Improved understanding of how the human brain is “wired” on a macroscale may now be possible due to the emerging field of MRI connectomics. However, mapping the rapidly developing infant brain networks poses challenges. In this study, we applied an automated template-free “baby connectome” framework using diffusion MRI to non-invasively map the structural brain networks in subjects of different ages, including premature neonates, term-born neonates, six-month-old infants, and adults. We observed increasing brain network integration and decreasing segregation with age in term-born subjects. We also explored how the equal area nodes can be grouped into modules without any prior anatomical information – an important step toward a fully network-driven registration and analysis of brain connectivity.
Early cortical folding and the emergence of structural brain asymmetries have been previously analyzed by neuropathology as well as qualitative analysis of magnetic resonance imaging (MRI) of fetuses and preterm neonates. In this study, we present a dedicated image analysis framework and its application for the detection of folding patterns during the critical period for the formation of many primary sulci (20–28 gestational weeks). Using structural information from in utero MRI, we perform morphometric analysis of cortical plate surface development and modeling of early folding in the normal fetal brain. First, we identify regions of the fetal brain surface that undergo significant folding changes during this developmental period and provide precise temporal staging of these changes for each region of interest. Then, we highlight the emergence of interhemispheric structural asymmetries that may be related to future functional specialization of cortical areas. Our findings complement previous descriptions of early sulcogenesis based on neuropathology and qualitative evaluation of 2D in utero MRI by accurate spatial and temporal mapping of the emergence of individual sulci as well as structural brain asymmetries. The study provides the missing starting point for their developmental trajectories and extends our understanding of normal cortical folding.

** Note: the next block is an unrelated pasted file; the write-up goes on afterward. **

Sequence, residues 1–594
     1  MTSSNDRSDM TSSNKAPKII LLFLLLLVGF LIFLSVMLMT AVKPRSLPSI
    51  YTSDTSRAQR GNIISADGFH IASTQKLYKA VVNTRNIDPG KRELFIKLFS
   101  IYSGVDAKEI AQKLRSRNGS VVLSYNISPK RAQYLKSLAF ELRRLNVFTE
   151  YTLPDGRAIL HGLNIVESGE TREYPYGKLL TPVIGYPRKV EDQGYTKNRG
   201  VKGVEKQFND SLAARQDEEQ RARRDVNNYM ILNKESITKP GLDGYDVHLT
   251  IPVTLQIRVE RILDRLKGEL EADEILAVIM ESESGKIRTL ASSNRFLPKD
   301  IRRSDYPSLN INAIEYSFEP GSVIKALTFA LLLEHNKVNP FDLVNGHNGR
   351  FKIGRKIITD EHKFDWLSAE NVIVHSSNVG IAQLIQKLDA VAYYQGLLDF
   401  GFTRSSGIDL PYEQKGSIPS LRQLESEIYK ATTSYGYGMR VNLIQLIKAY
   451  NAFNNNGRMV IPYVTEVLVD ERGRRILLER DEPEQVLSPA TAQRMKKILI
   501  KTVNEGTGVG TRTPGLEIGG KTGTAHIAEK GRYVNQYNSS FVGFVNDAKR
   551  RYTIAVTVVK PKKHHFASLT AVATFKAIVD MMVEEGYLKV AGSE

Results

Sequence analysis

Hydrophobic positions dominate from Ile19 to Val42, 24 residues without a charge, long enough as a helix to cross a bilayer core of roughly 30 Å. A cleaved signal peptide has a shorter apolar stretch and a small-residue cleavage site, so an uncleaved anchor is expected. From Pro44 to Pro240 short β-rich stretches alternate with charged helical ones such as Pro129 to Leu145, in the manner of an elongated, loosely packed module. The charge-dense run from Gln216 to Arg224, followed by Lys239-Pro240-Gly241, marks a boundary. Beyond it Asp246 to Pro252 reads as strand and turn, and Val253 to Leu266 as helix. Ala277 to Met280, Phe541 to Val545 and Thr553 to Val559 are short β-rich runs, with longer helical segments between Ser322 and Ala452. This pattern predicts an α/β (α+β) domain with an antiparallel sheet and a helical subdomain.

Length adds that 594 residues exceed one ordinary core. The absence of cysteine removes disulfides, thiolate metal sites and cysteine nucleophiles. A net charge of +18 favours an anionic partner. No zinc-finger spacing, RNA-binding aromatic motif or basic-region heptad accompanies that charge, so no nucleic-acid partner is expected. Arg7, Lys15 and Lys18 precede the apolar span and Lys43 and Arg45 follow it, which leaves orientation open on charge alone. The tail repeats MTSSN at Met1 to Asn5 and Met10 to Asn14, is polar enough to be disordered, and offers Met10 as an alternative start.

cortex; development; fetus; folding; lateralization
To describe the association between electrographic seizures and brain injury judged from magnetic resonance imaging (MRI) in newborns treated with hypothermia.
56 newborns treated with hypothermia were monitored using video-EEG through cooling and rewarming, and imaged at a median of 5 days. EEGs were reviewed for seizures and status epilepticus. Moderate-severe injury on MRI was measured using a classification similar to one predicting abnormal outcome in an analogous population.
Seizures were recorded in 17 newborns, five withstatus epilepticus. Moderate-severe injury was more common in newborns with seizures (RR 2.9; 95%CI 1.2-4.5; P=0.02), and present in all with status epilepticus. Children with moderate-severe injury had seizures that were multifocal, later onset, and more likely to have ongoing seizures following 20mg/kg phenobarbital. Newborns with only subclinical seizures were as likely to have injury as compared with those whose seizures had a clinical correlate (57% vs. 60%).
Seizures remain a risk factor for brain injury in the setting of therapeutic hypothermia, especially in neonates with status epilepticus, multifocal onset seizures, and need for multiple medications.However, 40% were spared from brain injury, suggesting that the outcome following seizures is not uniformly poor in children treated with therapeutic hypothermia.
Intensive care; Infant, newborn; Hypothermia, induced; Seizures; Electroencephalography; Magnetic resonance imaging